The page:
To the Editor:

Oh, what a program that we have at Dunwoody High School with the “Academy of Finance” led by Steve Fortenberry! He describes it as a mini MBA program. 

I had the privilege to attend this year’s trip to New York City.  Where I watched our kids as they engaged intelligently and respectfully with members of the business community in New York. I was with them as they met with individuals from Storyful the Digital Media arm of NewsCorp and with a member of the NYSE.  We were on the floor for the closing bell of the NYSE.  They posed many questions to each of them in ways that showed me that whatever the teachers in AOF are doing they should keep it up. 

I also watched as they used their understanding of the free market economy where negotiating is the name of the game during our excursion to Canal Street. 

The trip was not all business they did get to explore the city and see things that they have learned about in their history books.  The trip kept them busy from the lights of Broadway, Times Square, Ferry Ride, Dinner in Little Italy, and Top of Rockefeller Center. The teachers in the AOF gave them a life lasting memory. I believe that a flame was lit inside each of them that will continue to burn as they take future steps. 

As I met and told individuals why we were in NYC they were surprised that this was a public school event.  I told them that we had a special school with special teachers and administers that support the AOF.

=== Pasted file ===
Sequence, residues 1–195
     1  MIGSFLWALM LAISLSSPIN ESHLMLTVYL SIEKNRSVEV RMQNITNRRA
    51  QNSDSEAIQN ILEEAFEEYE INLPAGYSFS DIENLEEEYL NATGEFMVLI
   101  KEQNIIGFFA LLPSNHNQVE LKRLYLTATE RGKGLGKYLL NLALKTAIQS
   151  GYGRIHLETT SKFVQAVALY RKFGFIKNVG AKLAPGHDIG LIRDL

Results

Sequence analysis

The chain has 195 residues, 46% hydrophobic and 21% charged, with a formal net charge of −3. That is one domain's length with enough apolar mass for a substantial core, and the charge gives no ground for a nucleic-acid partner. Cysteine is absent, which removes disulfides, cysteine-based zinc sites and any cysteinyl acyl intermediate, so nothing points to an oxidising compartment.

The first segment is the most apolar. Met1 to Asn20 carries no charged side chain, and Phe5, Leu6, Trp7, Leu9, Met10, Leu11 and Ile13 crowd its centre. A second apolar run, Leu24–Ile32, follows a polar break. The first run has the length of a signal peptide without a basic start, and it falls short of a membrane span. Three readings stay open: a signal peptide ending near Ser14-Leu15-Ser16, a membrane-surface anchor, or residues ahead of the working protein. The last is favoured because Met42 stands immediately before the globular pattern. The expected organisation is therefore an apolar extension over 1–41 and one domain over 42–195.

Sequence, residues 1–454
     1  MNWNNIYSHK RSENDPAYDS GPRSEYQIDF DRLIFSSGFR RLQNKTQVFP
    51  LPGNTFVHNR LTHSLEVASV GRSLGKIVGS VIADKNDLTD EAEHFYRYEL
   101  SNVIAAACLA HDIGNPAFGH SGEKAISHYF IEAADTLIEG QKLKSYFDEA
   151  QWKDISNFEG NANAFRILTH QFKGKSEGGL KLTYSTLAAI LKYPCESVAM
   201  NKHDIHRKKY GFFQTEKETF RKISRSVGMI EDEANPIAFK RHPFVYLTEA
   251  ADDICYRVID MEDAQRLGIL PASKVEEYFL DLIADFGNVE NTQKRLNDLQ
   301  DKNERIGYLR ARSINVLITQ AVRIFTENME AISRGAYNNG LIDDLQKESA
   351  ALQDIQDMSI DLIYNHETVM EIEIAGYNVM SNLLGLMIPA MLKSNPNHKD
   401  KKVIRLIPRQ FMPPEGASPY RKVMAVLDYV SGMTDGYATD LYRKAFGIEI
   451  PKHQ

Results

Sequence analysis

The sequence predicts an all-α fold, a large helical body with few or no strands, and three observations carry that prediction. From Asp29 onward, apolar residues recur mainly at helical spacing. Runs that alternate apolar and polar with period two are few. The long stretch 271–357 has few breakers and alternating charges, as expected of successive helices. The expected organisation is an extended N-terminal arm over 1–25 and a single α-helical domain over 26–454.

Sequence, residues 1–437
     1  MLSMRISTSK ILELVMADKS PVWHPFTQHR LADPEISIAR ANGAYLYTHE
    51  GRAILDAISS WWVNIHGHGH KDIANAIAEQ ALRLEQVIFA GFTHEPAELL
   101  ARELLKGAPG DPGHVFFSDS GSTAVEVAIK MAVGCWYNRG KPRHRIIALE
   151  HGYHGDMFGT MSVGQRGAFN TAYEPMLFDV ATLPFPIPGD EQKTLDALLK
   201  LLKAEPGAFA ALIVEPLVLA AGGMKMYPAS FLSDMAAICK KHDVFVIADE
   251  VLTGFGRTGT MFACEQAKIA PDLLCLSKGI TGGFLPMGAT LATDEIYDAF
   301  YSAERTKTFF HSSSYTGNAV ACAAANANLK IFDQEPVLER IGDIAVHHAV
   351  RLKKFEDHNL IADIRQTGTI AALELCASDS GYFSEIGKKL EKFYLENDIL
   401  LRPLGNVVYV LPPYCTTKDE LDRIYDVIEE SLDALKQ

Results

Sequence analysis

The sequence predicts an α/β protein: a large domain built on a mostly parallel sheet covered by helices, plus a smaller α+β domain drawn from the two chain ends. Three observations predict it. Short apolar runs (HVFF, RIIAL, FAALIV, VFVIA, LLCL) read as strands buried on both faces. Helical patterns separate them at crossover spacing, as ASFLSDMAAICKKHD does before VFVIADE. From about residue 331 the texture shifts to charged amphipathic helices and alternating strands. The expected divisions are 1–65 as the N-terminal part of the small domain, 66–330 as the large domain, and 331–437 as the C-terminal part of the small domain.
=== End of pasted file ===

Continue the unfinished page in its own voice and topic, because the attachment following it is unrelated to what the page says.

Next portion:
Great Job – DHS AOF.   You showed NYC that Wildcat Pride.

Richard Arno

To the Editor:

As a 40-year resident and longtime reader of The Crier, I was especially uplifted by Lewis Walker’s Nov. 21 column “Thanks for Thanksgiving and a better world.”

Where others offer pessimism, he offers optimism, whether for investing or life in general. In a world where news services compete to provide immediacy, Walker provides context which often goes missing or unreported.  His perspective of how we can live in our current era—hectic, tense, and polarized as it might be- knowing that prior generations suffered through worse situations is encouraging. 

Even though I’m not one of his clients, it’s clear to me that his columns reflect an erudition of someone who has become a must read in The Crier. I am thankful that The Crier continues to carry his column.

Rich Lapin

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